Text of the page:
Is it easier to program for mobile or pc applications?
So many people today use their phones for everything and so many programs exist on the multiple app stores. Is it easier to program for the app store or for for windows applications?
Jared ChungCareerVillage.org Team BACKER
A few things make mobile programming a tiny bit more complex:
- The programming takes place on a desktop, but the app works on a mobile phone, so you end up having to install some specialty software to deal with that. Emulators or simulators are programs that "emulate" what a mobile phone would do with your program, but they aren't always a perfect 1:1 match for a real-world mobile phone. That can sometimes allow for bugs that are hard to detect until you have an app running on a real device.
- There's a very wide variety of mobile phone devices and operating system versions that need to be tested and/or designed for when you're planning to maintain a mobile app
- Mobile apps tend to be distributed through the app stores, which means that you have to apply for approval from those app stores, and when you make changes to your app you have to re-submit the updates through those stores. The app stores sometimes will quickly approve changes, but sometimes they will decline your changes, so that introduces a bit more work into your process.
All of this said, I want to add a few other comments:
- In general, I'd always start a new project using whatever languages or frameworks are most familiar to me, unless I'm explicitly trying to use the project to learn something new or play around with a new technology. As a programmer, even when I work with technology I am familiar with, I end up hitting a lot of challenges and learning a lot. So when I'm working with something unfamiliar, I always expect to spend a very large amount of my time bumping into bugs and reading documentation. "Drinking from a firehose" of information, as they say.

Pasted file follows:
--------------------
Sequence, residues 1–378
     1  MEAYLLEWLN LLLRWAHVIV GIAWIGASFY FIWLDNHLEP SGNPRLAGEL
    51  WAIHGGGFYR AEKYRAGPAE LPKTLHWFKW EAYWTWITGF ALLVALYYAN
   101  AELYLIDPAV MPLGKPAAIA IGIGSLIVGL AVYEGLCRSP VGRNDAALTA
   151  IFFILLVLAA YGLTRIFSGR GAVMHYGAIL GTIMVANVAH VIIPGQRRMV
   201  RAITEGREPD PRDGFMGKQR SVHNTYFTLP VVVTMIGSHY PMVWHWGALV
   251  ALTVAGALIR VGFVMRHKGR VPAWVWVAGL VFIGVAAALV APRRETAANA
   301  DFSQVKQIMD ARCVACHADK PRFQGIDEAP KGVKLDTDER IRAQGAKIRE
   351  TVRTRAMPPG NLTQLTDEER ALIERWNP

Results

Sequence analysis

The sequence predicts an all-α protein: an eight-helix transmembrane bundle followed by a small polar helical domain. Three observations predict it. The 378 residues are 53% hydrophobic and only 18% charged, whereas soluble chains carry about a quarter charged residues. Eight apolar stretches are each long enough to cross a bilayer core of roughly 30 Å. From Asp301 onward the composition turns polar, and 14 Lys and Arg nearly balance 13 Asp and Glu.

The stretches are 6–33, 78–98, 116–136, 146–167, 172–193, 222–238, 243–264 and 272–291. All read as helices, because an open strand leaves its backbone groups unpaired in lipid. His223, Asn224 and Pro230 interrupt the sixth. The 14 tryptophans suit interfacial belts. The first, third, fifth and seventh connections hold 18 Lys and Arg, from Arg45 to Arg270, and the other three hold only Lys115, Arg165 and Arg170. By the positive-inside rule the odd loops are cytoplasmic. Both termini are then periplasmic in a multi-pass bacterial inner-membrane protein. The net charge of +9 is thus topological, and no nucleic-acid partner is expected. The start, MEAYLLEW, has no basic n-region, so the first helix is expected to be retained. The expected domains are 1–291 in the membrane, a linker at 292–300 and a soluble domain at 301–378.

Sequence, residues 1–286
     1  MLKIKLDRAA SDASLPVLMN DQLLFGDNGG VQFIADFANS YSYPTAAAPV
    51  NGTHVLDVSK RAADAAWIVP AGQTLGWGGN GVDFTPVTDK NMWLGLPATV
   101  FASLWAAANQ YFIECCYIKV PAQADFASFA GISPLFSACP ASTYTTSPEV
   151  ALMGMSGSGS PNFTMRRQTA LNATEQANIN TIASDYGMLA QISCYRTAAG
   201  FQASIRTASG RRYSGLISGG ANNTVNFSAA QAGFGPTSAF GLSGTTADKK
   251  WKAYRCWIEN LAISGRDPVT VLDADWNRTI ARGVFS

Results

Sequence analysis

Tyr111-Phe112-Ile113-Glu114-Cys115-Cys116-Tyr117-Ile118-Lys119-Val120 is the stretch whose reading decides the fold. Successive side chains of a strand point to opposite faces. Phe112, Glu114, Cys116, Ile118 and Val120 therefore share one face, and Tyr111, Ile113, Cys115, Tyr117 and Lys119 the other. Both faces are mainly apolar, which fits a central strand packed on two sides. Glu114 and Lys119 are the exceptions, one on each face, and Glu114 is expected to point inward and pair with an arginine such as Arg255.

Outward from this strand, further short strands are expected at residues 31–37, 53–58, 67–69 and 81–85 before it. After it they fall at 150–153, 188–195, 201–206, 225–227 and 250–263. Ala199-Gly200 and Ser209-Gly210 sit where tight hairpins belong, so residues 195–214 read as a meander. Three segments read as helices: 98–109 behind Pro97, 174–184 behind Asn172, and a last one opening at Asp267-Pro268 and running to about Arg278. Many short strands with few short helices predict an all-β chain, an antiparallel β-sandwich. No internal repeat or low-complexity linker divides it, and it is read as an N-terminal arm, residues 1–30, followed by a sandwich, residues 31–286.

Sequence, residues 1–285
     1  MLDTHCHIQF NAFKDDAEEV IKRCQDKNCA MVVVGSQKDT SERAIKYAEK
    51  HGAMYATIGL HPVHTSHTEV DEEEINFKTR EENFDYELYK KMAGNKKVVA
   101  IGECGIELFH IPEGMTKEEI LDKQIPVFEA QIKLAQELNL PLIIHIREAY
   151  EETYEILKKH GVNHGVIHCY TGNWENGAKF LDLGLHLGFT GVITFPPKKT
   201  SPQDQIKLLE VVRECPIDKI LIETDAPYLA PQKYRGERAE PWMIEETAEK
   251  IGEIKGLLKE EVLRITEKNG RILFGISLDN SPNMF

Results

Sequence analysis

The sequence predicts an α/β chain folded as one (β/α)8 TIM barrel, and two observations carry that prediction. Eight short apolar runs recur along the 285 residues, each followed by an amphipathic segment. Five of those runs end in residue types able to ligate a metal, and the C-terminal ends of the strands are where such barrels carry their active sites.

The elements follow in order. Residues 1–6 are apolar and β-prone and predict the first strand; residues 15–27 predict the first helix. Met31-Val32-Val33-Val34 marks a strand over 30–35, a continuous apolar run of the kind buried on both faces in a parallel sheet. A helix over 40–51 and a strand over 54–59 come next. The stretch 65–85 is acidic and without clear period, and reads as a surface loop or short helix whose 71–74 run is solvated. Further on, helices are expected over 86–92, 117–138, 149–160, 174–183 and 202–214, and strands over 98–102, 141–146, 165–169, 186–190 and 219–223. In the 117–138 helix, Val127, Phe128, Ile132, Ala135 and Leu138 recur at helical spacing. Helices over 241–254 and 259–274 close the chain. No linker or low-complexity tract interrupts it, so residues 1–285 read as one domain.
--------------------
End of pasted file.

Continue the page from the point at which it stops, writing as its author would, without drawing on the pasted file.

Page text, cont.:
- You mentioned mobile apps and PC applications, but you didn't explicitly mention web applications. If you haven't looked into programming web applications, I'd encourage you to take a look at that as well to see if that's something you like. I've found in my past experience that programming for web applications is among the more accessible first steps.
- You could also consider programming hardware. For example the raspberry pi or other micro-computers can be programmed in a variety of ways.
- Significant work has been done recently to try to make programming mobile applications and pc applications easier. There are a large number of open-source libraries and tools that can make your life easier as a programmer. For example, if you don't want to learn many programming languages, there are libraries that allow you to write multiple mobile applications using only one programming language (such as using the Kivy framework to write your mobile apps in Python). The challenge that you might face using these tools is that each of them has quirks and limitations that you'll come across as you use them. Part of the trade-off of using lots of open-source tools is that although you benefit from their features, you are also subject to the complexity of integrating them and bumping into their limitations.
- When I first started programming, I started with something very small and easy:
Source: I've been programming for the past 12 years, and programmed a tiny bit as a teenager long ago. I've programmed web applications and PWA-style mobile apps, and I've researched several cross-platform app development platforms as I have worked on trying to evaluate CareerVillage's prospects for launching native mobile apps.
Jared, CareerVillage.org Team recommends the following next steps:
With Web Applications becoming more commonplace there are several options which support cross systems/OS development without additional effort. All applications contain two fundamental parts - the front end and the backend. Industry practices generally tend towards having a common backend for both applications to promote re-usability among many other factors. The difference between mobile, web and desktop apps really boils down to the frontend. While developing for a particular device has its own advantages, especially when we have specific use case for the product, it is generally a better idea to develop such that the product can work across various platforms. Take responsive websites for an example, the frontend is adaptive the device that we are using while the backend (which is not exposed to the user) that executes the functionalities is common.
However it all boils down to personal choice, some people find mobile application development easier, some might choose to focus desktop applications. Once you have basic knowledge, design principles and algorithms / Data Structures needed to make an application in both cases for a particular use case.
Param recommends the following next steps: